Then Gingrich began to rise in the polls, the first adversary to seriously worry the Romney campaign. To protect his right flank, Romney in December for the first time expressed unequivocal support for the Ryan plan—and the end of the Medicare guarantee for those now under 55.
Would a President Romney do such a thing? Would Congress really ultimately go along with it? Probably not and certainly not. But can President Obama credibly allege that a President Romney might do it? And will those allegations exact an electoral cost?
If the answers to those questions prove to be “yes,” conservative critics will blame Romney for his “weakness” as a candidate. But the real weakness will be that Romney acceded to those conservatives’ pressure to co-sign Paul Ryan’s suicide note.

Sunday, January 8, 2012

'The Bloodying of PolitiFact' -- and the facts

Trudy Lieberman, in a piece entitled, "The Bloodying of PolitiFact" on the Columbia Journalism Review website, looks at the controversy over PolitiFact's decision to make Democrats claims that Paul Ryan's plan would end Medicare as the "lie of the year."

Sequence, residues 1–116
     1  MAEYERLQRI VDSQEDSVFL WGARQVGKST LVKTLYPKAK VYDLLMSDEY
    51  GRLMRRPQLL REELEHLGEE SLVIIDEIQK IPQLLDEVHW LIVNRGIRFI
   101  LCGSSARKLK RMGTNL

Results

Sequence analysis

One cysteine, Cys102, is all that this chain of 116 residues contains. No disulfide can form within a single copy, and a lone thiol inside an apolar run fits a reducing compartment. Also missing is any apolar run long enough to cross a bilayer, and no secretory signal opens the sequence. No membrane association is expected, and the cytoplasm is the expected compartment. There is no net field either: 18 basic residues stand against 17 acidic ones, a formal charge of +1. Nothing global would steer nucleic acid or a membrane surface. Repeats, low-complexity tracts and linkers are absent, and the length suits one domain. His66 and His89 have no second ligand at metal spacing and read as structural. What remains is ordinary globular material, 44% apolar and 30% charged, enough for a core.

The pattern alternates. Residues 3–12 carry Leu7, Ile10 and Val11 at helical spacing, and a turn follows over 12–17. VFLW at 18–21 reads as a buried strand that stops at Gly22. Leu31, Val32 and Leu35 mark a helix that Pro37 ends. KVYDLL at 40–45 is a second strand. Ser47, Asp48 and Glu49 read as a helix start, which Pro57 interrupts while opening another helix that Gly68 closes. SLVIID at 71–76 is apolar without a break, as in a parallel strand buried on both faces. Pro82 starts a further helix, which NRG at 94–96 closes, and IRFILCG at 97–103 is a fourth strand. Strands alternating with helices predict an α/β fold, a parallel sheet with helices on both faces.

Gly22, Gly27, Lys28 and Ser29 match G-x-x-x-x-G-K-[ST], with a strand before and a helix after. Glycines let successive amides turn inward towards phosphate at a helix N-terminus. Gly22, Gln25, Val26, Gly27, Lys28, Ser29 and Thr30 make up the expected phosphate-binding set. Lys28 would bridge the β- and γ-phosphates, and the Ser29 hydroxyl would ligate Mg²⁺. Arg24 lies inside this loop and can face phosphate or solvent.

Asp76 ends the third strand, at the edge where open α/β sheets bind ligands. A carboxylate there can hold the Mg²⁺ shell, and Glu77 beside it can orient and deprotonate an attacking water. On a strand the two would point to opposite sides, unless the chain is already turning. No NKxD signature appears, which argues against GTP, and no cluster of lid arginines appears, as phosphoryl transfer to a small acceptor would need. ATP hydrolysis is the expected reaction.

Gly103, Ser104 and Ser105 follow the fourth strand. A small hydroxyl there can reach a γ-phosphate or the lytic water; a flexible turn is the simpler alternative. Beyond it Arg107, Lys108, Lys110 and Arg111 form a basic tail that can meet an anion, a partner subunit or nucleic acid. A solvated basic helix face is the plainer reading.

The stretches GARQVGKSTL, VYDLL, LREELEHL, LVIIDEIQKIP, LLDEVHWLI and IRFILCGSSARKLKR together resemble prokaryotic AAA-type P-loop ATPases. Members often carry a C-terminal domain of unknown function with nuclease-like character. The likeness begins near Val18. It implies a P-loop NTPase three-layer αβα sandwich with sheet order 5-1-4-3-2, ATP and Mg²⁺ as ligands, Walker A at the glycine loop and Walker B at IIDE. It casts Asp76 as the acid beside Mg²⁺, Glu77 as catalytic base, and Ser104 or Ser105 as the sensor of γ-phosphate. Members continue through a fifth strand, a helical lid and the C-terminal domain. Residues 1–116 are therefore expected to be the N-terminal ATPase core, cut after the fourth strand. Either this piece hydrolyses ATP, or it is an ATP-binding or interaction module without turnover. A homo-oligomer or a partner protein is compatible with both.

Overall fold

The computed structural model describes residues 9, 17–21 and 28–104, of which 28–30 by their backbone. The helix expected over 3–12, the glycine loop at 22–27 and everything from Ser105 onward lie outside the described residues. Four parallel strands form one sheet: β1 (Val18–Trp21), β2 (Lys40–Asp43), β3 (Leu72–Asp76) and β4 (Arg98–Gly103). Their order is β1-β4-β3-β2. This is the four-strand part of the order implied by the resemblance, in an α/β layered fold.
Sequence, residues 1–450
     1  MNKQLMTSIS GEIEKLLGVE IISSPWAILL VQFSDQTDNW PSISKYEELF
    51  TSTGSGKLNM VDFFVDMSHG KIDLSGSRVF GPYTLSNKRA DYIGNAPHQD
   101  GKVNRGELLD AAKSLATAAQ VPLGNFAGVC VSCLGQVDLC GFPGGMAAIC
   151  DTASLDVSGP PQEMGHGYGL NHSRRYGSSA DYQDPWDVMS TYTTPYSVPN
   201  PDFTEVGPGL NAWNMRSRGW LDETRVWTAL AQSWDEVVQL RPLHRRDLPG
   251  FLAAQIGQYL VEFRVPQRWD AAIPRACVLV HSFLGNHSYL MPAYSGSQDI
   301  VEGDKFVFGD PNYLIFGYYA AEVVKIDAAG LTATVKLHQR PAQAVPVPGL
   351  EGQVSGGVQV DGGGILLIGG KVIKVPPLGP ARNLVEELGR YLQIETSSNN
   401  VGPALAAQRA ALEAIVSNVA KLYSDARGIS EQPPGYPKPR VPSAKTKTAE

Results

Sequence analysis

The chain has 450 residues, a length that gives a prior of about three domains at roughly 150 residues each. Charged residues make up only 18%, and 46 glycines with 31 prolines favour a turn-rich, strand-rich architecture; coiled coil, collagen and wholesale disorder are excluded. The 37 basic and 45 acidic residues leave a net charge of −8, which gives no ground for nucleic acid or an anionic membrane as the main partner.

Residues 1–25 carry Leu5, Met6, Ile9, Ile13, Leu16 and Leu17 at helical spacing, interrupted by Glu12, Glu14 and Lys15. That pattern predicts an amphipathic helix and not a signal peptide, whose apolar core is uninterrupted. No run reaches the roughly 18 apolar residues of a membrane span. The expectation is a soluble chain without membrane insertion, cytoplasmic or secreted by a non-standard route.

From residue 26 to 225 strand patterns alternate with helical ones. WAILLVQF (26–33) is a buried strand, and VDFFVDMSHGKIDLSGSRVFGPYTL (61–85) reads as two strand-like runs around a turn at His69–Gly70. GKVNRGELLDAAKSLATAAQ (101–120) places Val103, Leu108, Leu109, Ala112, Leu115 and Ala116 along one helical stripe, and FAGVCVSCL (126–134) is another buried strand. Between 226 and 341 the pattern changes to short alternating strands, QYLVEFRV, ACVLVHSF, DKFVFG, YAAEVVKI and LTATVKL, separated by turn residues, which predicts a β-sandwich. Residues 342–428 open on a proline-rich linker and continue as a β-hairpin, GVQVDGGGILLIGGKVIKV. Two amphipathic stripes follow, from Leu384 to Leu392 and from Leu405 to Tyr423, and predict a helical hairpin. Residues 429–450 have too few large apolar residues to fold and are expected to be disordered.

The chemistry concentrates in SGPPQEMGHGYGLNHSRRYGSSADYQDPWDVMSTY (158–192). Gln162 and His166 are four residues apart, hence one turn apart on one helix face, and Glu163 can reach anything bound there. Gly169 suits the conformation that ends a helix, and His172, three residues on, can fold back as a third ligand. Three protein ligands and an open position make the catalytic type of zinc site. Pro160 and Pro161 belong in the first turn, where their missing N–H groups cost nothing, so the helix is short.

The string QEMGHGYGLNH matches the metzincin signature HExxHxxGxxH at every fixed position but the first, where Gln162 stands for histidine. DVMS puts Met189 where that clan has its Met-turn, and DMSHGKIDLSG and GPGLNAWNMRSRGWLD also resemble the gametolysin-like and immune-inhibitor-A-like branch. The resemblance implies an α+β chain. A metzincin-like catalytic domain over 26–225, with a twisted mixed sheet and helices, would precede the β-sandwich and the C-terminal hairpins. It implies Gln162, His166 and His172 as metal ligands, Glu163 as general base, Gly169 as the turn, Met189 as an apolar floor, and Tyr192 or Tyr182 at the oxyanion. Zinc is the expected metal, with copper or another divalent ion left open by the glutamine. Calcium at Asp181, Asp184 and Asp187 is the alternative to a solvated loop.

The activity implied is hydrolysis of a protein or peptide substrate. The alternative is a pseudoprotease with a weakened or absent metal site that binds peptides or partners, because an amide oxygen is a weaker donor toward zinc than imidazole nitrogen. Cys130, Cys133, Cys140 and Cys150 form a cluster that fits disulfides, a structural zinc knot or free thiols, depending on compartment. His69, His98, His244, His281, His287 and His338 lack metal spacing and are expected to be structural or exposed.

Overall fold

Let's cut to the chase. Lieberman writes:

The fact is Republicans by supporting Ryan’s voucher plan did essentially vote to end Medicare.
You can read the analysis here.

She also has a bad word for "snarky little blog posts" on the subject, so we'll leave it at that.

Friday, January 6, 2012

Who loves ya more, Paulie? Romney or Santorum?

Mitt Romney worships Paul Ryan. Can Rick Santorum possibly love Ryan more?

Ezra Klein in the Washington Post:
Santorum,  the former U.S. senator from Pennsylvania has, for months now, aggressively backed the Medicare changes that House budget chairman Rep. Paul Ryan (R) rolled out in April. That would be the plan that proposed privatizing the program and giving qualified recipients federal money to purchase health coverage. The plan was a political flop. Polls found that voters weren’t exactly keen to scrap the entitlement program as it exists now.
 Most Republican candidates approached the Ryan plan with caution, if not outright criticism. Former House speaker Newt Gingrich didn’t mince words when he described it as right-wing social engineering.” Mitt Romney, while praising the principles of the Ryan plan, ultimately proposed another version of Medicare reform, which would have a government-run plan compete against private options. And that looks a lot like the plan that Ryan, partnered with Sen. Ron Wyden (D-Ore.), rolled out last month.